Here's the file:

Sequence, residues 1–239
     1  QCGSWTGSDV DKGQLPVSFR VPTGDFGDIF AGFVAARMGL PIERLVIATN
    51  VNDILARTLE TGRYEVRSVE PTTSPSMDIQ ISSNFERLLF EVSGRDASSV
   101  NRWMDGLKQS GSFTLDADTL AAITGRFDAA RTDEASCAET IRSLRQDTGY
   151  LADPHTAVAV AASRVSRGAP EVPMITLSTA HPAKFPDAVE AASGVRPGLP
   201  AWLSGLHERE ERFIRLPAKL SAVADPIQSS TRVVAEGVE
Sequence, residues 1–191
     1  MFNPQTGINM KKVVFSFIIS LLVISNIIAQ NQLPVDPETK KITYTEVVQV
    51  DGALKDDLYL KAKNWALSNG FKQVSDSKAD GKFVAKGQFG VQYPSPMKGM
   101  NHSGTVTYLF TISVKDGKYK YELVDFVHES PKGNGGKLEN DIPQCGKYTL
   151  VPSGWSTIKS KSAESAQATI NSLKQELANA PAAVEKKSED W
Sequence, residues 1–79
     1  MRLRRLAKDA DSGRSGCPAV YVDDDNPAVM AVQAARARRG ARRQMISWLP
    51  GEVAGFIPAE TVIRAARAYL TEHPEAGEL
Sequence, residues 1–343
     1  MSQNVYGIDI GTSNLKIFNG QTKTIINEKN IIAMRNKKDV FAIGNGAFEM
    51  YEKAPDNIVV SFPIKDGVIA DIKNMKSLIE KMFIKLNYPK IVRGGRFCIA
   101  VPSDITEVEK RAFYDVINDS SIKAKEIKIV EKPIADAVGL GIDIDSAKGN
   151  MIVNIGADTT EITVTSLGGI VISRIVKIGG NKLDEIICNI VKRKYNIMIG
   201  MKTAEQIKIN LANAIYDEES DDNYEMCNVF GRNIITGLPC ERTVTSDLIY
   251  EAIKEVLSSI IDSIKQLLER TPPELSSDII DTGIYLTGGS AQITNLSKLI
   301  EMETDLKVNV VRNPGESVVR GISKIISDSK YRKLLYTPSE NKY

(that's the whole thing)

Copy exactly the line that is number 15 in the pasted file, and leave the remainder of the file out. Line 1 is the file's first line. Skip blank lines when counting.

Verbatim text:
Sequence, residues 1–343